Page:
September 2002 Training

FasterSkierDecember 9, 2002


The FasterSkier September training camp was held September 11-15th. The
coach to athlete ratio was low which made for good technique training sessions.
The camp focus was on rollerskiing and how to do better quality sessions
(intervals, pace and time-trials). We worked on finding “the right”
heart rate from the start of the “hard” session: feeling good
when we were done with the first couple intervals and then gradually increasing
the effort and heart rates. We call these build-up intervals! The idea is
to go from low to high lactate levels rather than blast out as hard as you
can go – fill up with lactate, then have to slow down halfway through
the intervals and ending up disliking and avoiding intervals altogether.

Try the above method and discover how much fun you can have with such sessions
and find out that you can handle more frequent hard training, feel better
and race faster! I believe that all the skiers that attended the camp will
see some good progress this winter.

The camp also included a very nice barbeque with the Canadian National Team,
a mountain bike ride on the entire Olympic 15 kilometer course (and then
some), a mountain run in Park City and two weight room sessions. Ten sessions
in five days, and the great rollerskiing in Heber is alone worth coming
to these camps for.
The next camp will be on snow, December 11-15th  –   there
are still spots available for this camp. There will also be a three day
option at this camp in addition to five days).

We will this time stay in Kimball Junction, a five minute drive from Park
City and only 10 minutes drive from the two areas we most likely will ski
at in December.
Sign up today!
Are rollerskis with inflatable wheels really making anyone better?
Over the past two years I have seen some skiers train on rollerskis with
large inflatable wheels. The skiers using them have been master skiers.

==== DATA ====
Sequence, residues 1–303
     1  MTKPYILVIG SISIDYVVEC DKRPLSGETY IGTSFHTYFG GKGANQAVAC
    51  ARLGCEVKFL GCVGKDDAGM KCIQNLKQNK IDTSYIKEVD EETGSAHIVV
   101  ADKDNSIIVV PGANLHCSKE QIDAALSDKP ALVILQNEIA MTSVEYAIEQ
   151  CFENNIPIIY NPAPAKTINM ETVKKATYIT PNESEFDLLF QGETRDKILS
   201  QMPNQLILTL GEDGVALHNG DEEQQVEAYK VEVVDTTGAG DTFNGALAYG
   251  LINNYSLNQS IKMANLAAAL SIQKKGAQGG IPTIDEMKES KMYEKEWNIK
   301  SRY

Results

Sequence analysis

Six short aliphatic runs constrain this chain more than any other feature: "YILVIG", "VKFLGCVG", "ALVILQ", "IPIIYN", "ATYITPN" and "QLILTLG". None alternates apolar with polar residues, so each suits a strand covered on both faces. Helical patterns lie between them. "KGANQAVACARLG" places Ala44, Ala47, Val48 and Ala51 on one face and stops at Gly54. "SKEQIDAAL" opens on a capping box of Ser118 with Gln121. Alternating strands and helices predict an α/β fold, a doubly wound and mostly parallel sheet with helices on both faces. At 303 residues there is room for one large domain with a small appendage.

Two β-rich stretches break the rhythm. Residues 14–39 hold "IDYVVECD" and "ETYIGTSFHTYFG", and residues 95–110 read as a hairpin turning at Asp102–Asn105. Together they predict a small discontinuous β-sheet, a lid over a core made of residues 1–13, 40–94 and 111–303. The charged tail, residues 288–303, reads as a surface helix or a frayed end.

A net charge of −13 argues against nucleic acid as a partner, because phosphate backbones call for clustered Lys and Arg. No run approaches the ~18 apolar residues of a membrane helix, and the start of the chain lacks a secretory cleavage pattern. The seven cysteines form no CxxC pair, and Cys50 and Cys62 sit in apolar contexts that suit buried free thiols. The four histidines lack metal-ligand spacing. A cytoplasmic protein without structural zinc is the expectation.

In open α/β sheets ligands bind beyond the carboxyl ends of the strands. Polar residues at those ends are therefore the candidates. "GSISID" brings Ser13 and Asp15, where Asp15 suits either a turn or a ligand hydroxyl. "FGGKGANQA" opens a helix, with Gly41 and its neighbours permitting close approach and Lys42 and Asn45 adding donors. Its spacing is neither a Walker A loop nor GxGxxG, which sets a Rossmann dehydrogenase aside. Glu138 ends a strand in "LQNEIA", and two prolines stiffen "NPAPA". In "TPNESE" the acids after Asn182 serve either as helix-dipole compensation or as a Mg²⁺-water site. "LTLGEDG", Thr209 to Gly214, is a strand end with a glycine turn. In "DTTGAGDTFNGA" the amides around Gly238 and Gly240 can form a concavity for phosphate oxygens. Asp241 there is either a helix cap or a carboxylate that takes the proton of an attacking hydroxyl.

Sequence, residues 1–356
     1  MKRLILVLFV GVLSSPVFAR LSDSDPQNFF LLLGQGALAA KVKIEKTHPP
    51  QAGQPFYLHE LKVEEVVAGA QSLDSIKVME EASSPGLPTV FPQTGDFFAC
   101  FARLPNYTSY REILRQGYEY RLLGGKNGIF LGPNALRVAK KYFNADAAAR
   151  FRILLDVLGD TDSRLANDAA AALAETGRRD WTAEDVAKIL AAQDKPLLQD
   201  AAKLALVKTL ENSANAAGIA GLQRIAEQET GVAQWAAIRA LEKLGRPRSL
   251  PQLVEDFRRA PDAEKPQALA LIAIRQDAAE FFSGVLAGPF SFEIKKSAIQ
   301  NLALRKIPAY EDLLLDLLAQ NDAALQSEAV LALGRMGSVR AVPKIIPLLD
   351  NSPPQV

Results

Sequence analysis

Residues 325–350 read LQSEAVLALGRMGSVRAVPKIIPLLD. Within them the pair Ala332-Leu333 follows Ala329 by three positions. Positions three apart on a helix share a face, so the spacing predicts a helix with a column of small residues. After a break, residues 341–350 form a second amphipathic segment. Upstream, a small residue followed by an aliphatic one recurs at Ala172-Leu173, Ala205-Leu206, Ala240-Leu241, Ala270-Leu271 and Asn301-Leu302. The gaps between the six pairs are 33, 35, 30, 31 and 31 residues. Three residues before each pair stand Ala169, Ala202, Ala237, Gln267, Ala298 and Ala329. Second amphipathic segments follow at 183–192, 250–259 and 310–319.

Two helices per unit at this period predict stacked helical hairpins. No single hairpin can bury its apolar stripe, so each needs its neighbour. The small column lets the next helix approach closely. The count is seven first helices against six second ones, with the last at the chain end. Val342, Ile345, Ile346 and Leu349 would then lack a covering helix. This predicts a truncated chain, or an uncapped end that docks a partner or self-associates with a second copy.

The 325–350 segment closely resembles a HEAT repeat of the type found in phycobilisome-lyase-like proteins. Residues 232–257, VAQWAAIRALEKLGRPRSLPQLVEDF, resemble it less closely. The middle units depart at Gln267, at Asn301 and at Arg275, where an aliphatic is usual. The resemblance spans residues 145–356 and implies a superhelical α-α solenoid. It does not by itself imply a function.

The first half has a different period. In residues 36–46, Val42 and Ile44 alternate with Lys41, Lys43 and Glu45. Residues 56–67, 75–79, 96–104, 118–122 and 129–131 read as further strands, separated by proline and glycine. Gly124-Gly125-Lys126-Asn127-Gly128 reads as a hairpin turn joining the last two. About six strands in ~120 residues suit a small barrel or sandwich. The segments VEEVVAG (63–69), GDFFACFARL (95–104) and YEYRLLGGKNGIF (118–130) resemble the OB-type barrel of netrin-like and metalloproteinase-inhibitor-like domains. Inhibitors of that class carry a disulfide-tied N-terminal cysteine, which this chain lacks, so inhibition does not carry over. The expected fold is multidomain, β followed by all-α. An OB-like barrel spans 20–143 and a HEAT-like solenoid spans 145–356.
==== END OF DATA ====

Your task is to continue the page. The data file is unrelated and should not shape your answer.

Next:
I have not seen any good international skiers from any nation using such
skis and I think I know why.  I have observed skiers on them developing
several bad habits like moving their legs in a bicycle type motion when
stepping forward due to the size of the wheels. This typically throws off
the whole rhythm and causes other “interesting” versions of
the skate techniques as well. To me it also looks like the top speed of
the skis is too high and therefore limiting the training effect. My advice
to those of you that are using such skis is to make sure that you ski correctly
and really work on technique. You also need to look for terrain with uphills.
I doubt though that this is the way to go for skiers training to improve
endurance as well as leg, back, arm and stomach strength – it’s simply
not as specific as it should be.

Torbjorn’s September Training:
I got in another 40(+) hour month. I managed to greatly increase my rollerskiing
hours and truly enjoyed the rollerski sessions! When the FasterSkier camp
was over I spent a couple weeks doing workouts with Jeannie Wall, Beckie
Scott and Justin Wadsworth. I had a great 4 x 6 minute skate rollerski interval
session with Beckie where I had to admit that she schooled me on the third
interval, but I learned something about her and myself. Besides, there is
still four month to the Birkie. Live and learn!

Distance skating with Justin, him on S3 and me on S2 rollerskis was also
very good. Any time you can ski behind someone that is skiing World Cup
– do it! Don’t worry about your heart rates. You’ll pick up
so much technically. It made me refocus on completing my motions, using
my upper body, using clean poling motions, swinging actively with the arms,
leaning forward and “going with the kick”!

Gordon and I also had the “pleasure” of doing a 5K running time-trial
on the Olympic course at Soldier Hollow with the Canadian women. My PR from